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“O most delightful hour by man

Experienced here below,
The hour that terminates his span,

His folly and his woe !

“ Worlds should not bribe me back to tread

Again life's dreary waste,
To see again my day o'erspread

With all the gloomy past.

“ My home henceforth is in the skies,

Earth, seas, and sun, adieu !
All heaven unfolded to my eyes,

I have no sight for you.”

So spake Aspasio, firm possessid

Of faith's supporting rod ;
Then breathed his soul into its rest,

The bosom of his God.


Blinded in youth by Satan's arts,
The world to our unpractised hearts

A flattering prospect shows :
Our fancy forms a thousand schemes
Of gay delights, and golden dreams,

And undisturbed repose.

So in the dreary desert's waste,
By magic power produced in haste,

(As ancient fables say,) Castles, and groves, and music sweet, The senses of the traveller meet,

And stop him in his way :

But while he listens with surprise,
The charm dissolves, the vision dies,

'Twas but enchanted ground; Thus if the Lord our spirit touch, The world, which promised us so much,

A wilderness is found.

At first we start, and feel distrest ;
Convinced we never can have rest

In such a wretched place;
But He whose mercy breaks the charm,
Reveals His own Almighty arm,

And bids us seek His face.

Then we begin to love indeed,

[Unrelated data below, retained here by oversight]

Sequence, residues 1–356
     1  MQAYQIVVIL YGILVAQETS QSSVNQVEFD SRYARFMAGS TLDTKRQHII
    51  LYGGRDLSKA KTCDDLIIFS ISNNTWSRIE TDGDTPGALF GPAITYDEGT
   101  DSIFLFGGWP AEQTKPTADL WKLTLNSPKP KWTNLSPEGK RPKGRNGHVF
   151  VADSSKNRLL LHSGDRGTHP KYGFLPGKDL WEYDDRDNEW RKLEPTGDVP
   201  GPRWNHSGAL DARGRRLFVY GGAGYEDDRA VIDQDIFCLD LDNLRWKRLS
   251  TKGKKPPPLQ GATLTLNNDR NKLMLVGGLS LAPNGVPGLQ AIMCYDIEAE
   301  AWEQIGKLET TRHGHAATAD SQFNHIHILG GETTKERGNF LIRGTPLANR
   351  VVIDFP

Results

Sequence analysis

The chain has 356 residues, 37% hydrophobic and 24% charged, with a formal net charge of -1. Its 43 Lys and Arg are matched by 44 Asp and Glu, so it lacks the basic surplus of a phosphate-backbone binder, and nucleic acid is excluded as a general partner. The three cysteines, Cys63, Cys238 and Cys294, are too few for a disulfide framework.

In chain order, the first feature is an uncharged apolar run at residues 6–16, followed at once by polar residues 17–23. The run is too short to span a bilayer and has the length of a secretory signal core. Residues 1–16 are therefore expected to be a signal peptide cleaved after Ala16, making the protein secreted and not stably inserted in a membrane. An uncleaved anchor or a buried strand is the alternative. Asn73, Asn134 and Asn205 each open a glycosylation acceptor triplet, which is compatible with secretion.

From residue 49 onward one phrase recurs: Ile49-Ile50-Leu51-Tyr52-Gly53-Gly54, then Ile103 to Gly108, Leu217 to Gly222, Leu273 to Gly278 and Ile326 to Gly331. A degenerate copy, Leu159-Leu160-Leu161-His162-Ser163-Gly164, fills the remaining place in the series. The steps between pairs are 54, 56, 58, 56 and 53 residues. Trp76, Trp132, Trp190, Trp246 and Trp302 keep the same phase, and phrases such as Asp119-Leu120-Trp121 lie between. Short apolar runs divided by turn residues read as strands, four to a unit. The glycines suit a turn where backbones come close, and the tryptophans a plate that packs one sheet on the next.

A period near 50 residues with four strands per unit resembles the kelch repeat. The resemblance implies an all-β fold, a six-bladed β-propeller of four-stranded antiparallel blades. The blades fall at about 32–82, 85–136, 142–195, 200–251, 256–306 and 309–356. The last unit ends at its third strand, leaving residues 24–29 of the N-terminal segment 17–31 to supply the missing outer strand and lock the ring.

When from our sin and bondage freed

By this beloved Friend;
We follow Him from day to day,
Assured of grace through all the way,

And glory at the end.



THANKLESS for favours from on high,

Man thinks he fades too soon ;
Though 'tis his privilege to die,

Would he improve the boon.

But he, not wise enough to scan

His best concerns aright,
Would gladly stretch life's little span

To ages, if he might :

To ages, in a world of pain,

To ages, where he goes
Galled by affliction's heavy chain,

And hopeless of repose.

Strange fondness of the human heart,

Enamoured of its harm!
Strange world !-that costs it so much smart,

And still has power to charm.

Whence has the world her magic power?

Why deem we death a foe ? Recoil from weary life's best hour,

And covet longer woe ?

The cause is Conscience ;—Conscience oft

Her tale of guilt renews ;
Her voice is terrible, though soft,

And dread of death ensues.

Then, anxious to be longer spared,

Man mourns his fleeting breath : All evils then seem light, compared

With the approach of death.

'Tis judgment shakes him; there's the fear,

That prompts the wish to stay : He has incurred a long arrear,

And must despair to pay.

Pay!—follow Christ, and all is paid ;

His death your peace ensures ;
Think on the grave where He was laid,

And calm descend to your's.

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